Netflix's clampdown on password sharing isn't going too well

Mike Wheatley

Netflix’s efforts to clamp down on password sharing have not had the best of starts, and that could mean the company is forced to delay a wider, global rollout of surcharges applied to household members who access the service using a family member’s password.


Earlier in the year, the video streaming giant rolled out a pilot program in Chile, Costa Rica and Peru that billed certain customers an additional £2.50 a month for sharing their account passwords with others outside of their household. While the pilot is still only running in those countries, Netflix has been quite vocal about its plans to stop password sharing in the wake of disappointing financial results.

However a report by Rest of World says that the pilot program in Peru hasn’t gone as well as Netflix had hoped, with customers complaining over how the new policy is being policed and implemented.

Rest of World said it had surveyed dozens of Netflix subscribers in Peru, and that most had been confused by the company’s exact definition of what a “household” is. Others say they were never formally informed of the new policy.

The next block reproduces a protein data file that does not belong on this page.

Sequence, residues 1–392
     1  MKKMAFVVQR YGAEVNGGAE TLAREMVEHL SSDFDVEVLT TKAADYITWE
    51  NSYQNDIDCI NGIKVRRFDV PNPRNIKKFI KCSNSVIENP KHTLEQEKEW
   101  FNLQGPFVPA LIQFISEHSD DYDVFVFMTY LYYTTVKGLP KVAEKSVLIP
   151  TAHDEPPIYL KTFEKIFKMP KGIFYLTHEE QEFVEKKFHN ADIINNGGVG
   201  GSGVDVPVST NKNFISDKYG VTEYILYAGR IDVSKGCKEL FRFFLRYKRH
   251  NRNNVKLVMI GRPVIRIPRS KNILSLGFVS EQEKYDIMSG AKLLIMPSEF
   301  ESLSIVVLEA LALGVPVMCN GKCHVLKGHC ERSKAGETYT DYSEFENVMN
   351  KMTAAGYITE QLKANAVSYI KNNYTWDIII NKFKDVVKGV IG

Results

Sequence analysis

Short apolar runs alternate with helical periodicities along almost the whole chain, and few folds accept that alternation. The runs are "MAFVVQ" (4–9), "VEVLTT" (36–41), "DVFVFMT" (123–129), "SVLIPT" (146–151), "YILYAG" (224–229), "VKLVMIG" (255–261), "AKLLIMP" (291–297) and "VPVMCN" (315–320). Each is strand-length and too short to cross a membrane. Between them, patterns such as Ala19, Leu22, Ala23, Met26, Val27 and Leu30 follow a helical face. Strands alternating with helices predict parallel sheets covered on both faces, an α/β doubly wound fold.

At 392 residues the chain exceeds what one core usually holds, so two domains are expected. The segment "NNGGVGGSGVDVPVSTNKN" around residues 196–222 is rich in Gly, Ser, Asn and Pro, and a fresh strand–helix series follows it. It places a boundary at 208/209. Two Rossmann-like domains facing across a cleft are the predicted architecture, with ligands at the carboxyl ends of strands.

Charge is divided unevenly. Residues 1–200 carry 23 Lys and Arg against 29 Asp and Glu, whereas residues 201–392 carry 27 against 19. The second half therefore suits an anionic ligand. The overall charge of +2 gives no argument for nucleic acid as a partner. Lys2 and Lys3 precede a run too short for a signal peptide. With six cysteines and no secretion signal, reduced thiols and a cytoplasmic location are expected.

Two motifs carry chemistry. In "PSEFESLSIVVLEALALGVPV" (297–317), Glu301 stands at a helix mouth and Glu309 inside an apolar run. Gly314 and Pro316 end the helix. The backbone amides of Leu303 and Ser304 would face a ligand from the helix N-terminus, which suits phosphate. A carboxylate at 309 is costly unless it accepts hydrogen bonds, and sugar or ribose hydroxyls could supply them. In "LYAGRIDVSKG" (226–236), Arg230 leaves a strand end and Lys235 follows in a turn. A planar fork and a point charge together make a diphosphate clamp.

Some users have reported being hit with the surcharge for sharing their password despite a lack of clarity over whether or not they qualified for the additional fee. Other users say they did receive account verification prompts but managed to ignore them without paying the surcharge.

Netflix said in response to the apparent confusion that it had informed all subscribers of the policy change via email, and that it has always been clear that “a Netflix account is for people who live together in a single household”.

The company did admit there was a need to “ramp up in-product notifications” however, which suggests it will be making a stronger effort to clarify exactly who has to pay the additional surcharge and who doesn’t. It also made it quite clear that the password-sharing surcharges are not going away.

Nonetheless, the confusion around the new charges suggests that Netflix may take its time implementing them in other markets, despite the company saying it has been “pleased with the response” so far.